Author Topic: Designed a CRO in SPICE....  (Read 9934 times)

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Offline GK

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Designed a CRO in SPICE....
« on: August 29, 2015, 02:52:19 pm »
....and this evening I got the HV PSU prototyped.

I've got a bunch of these DG7-32 CRTs that I want to make oscilloscopes out of:



The preliminary circuit. A 30V-CT Secondary mains transformer provides unregulated rails of +/-~21V from which +/-12V regulated rails are derived for the LV circuitry while a high-frequency linear converter provides the HV rails. These are +200DC@30mA, -400VDC@1mA, -550V (floating, negligible load current) and 6.3VAC@300mA for the CRT heater. I was originally going to make a TL494-based SMPS, but just for fun I decided to do a linear high frequency converter both as a curiosity and because I figured that will be one less source of RFI in my "shack".



The supply is inherently soft-starting. Upon initial turn-on, the capacitor of integrating error amplifier U1 is discharged and the potential at the output of U1 jumps to the reference potential of 5V (as applied to the non-inverting input courtesy of U2. This isn't enough to forward bias D1 and inject a sufficient tail current into the long-tail pair Q1/Q2 which form a 22kHz LC sinewave oscillator. Q1/Q2 act as a limiting amplifier and the amplitude of oscillation (developed across L1/C4) is determined my the injected tail current. Positive feedback for oscillation is provided via C3. Transistors Q3 through Q11 form x11 Av power amplifier for driving the primary winding of the HF transformer.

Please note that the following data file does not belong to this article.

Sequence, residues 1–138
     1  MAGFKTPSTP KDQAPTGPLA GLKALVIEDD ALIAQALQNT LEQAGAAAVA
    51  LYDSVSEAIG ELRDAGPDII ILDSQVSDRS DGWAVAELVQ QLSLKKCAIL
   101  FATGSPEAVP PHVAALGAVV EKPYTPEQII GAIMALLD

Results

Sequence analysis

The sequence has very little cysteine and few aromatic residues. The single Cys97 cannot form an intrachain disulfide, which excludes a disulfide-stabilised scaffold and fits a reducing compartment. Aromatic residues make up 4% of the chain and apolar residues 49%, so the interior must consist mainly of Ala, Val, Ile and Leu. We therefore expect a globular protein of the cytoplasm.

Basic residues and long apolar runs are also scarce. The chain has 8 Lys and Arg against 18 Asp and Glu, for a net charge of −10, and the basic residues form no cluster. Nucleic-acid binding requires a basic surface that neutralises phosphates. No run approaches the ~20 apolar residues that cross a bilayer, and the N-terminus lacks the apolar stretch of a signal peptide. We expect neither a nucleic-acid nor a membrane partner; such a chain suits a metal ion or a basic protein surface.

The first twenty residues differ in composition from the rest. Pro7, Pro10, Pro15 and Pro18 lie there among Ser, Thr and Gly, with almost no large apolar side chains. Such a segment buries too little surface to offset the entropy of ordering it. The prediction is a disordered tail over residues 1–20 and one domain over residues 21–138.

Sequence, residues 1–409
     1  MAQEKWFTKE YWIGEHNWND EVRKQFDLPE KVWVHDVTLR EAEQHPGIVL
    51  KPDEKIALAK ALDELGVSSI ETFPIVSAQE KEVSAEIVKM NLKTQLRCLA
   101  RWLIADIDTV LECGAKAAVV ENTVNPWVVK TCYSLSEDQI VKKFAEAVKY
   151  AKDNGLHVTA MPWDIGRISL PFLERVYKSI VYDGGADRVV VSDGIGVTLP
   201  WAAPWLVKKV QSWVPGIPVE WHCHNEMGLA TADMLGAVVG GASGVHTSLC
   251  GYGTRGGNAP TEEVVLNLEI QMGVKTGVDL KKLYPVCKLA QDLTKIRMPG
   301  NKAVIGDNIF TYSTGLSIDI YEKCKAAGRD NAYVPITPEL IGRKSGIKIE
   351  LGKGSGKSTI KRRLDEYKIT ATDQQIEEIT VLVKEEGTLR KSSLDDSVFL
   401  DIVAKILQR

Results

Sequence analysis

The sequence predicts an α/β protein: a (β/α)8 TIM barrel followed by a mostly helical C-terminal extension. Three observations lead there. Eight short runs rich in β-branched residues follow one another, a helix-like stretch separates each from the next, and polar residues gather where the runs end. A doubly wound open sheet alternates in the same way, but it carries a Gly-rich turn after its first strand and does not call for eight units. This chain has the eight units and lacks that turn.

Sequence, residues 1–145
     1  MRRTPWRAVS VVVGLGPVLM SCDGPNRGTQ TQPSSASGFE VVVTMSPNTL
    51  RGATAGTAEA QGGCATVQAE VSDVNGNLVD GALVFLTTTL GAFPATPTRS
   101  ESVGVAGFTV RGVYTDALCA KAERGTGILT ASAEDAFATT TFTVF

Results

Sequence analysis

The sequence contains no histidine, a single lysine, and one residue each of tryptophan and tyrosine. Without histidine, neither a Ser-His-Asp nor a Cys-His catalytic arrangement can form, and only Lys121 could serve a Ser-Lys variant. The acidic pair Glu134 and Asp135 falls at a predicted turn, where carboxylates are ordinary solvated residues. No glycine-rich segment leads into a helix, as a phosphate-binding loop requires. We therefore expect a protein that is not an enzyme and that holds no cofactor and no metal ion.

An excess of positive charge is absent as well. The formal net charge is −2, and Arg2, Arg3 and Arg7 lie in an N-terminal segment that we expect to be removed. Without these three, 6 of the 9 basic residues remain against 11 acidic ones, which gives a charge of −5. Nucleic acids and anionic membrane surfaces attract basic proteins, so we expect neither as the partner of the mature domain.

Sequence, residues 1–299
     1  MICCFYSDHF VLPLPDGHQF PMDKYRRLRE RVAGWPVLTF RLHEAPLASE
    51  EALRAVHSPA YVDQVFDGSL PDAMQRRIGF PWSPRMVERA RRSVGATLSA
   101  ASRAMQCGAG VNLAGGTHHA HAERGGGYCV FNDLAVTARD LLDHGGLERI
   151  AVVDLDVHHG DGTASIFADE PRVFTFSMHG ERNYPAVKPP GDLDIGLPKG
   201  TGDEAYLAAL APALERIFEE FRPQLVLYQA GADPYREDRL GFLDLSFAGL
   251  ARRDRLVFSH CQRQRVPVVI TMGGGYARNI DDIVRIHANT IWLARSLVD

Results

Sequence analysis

U1 begins integrating in the positive direction and approx. 100mS later D1 becomes forward biased and sinusoidal oscillations across the parallel L1/C4 parallel tank circuit begin to grow, along with the HV rail potentials. Here is the resultant power-up response, the DSO plotting the positive +21V LV rail (yellow trace) along with the regulated +200V HV rail (blue trace):



And here is the 22kHz sinewave drive at the output of the power amplifier (as impressed across the transformer primary winding via DC-blocking capacitor C9) along with the primary current waveform. The latter is probed across a 0.1 ohm resistor in the primary winding ground return, so the 0.2V per division works out to 2A per division. Peak current is due to the rectified capacitor charging currents; primarily that of the +200V rail, which is the most heavily loaded and has the largest value capacitors.